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Tamara Rymer Bio

Painting the West with a Contemporary Edge


"Tamara Rymer’s art started at a young age. When she was 10 one of her art pieces was selected by the Texas Highway Department to use for their ad campaign for clean highways.  A self-taught artist, Tamara has always felt the need to create. There was never a lack of inspiration from great stories of her family history in the old west. Tales of her family’s Cherokee heritage have inspired her art to include Native Americans in addition to horses and cowboys, with most subjects coming from current experiences.  Mainly a studio painter, Tamara worked in oils early on, only to learn the craft of watercolors when raising a family to avoid fumes in the house. She acquired a love of the fluidity for that medium and continues both mediums today, as she feels they seem to fuel each other.


The first art show she ever entered with a watercolor, was with the highly touted New Mexico Watercolor Society. The painting was juried in and received an award. With the next two subsequent NMWS shows, and after just a year and a half, she had achieved Signature Status with the group, a fast accomplishment.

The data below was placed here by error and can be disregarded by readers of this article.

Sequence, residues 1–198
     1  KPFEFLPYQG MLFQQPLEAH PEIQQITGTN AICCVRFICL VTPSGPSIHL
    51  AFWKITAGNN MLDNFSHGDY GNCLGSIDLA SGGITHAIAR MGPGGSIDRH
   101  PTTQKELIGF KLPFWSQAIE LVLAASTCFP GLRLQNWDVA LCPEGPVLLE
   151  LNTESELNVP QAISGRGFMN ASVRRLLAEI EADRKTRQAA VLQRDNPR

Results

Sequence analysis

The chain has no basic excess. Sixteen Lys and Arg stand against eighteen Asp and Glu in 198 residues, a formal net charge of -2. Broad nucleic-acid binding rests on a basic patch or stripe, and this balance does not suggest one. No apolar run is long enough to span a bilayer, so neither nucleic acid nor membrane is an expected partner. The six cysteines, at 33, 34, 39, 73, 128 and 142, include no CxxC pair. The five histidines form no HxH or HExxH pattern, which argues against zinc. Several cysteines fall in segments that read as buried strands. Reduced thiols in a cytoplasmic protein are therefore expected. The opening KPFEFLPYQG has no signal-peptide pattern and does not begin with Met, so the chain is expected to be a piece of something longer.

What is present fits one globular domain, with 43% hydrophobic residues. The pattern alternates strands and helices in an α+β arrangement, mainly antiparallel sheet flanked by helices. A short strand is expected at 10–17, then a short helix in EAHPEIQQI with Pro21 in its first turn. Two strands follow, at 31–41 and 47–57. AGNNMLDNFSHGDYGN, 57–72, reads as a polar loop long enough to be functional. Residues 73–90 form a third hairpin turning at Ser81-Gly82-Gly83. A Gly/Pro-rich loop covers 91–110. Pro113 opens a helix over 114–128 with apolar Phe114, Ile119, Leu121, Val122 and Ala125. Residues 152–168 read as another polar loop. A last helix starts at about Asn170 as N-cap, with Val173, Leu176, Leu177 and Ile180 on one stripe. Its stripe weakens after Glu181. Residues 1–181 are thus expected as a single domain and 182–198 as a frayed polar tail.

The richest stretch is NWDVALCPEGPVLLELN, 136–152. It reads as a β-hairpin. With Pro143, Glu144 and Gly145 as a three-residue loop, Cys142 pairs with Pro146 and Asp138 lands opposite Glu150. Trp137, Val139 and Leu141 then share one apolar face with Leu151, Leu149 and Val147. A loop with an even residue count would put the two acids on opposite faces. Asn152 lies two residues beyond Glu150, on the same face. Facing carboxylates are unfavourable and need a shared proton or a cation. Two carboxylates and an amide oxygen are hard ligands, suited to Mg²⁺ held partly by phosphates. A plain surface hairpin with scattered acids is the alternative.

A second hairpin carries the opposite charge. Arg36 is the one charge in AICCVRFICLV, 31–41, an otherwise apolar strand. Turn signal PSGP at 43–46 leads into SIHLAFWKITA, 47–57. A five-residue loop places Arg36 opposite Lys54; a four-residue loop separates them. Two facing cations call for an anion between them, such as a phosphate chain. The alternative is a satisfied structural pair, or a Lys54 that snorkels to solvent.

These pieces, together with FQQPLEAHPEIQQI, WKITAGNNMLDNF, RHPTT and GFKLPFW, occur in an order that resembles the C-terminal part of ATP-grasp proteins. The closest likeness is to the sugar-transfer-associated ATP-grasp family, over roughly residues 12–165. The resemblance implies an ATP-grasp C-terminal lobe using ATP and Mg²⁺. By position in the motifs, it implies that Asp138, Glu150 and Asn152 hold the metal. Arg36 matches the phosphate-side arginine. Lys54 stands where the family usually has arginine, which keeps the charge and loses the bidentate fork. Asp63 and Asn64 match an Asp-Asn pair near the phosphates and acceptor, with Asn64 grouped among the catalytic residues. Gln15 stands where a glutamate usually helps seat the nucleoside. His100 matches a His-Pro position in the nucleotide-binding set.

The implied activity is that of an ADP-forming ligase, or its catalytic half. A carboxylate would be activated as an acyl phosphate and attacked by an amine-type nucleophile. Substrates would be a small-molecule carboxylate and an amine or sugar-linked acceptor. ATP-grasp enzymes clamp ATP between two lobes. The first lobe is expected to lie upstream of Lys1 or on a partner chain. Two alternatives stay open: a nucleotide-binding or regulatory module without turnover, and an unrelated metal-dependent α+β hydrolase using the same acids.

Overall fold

Some of Tamara’s art projects have included commissions for Ramada Inn Hotels, and creating the commemorative art used for the First Annual Austin Pony Express Run, among others. She has shown work in numerous museum shows including Cowgirl Up for several years, considered to be the top women western artists in America, in addition to the C.M. Russell Museum show, The Russell. Her work is internationally collected, and included in many public and private collections including the State of New Mexico.  Tamara’s membership affiliations include, the New Mexico Watercolor Society, where she is a Signature member, the American Plains Artists, also a Signature member, and the Oil Painters of America." (Bio credit to the Kiwanis Charity Art Show)

"Rymer creates to lead viewers into her scenes, guiding their focus to the evocative elements that caught her eye. “I really want to hit my subjects hard, where the background is nonexistent or washed out,” she explains. “Maybe there’s a cloud or a sunset. I want you to see

what struck me at that moment.”

Southwest Art Magazine and writer Kim Agricola (November 2020) 

"Artists to Watch | Tamara Rymer:  Snips of time, here and now"

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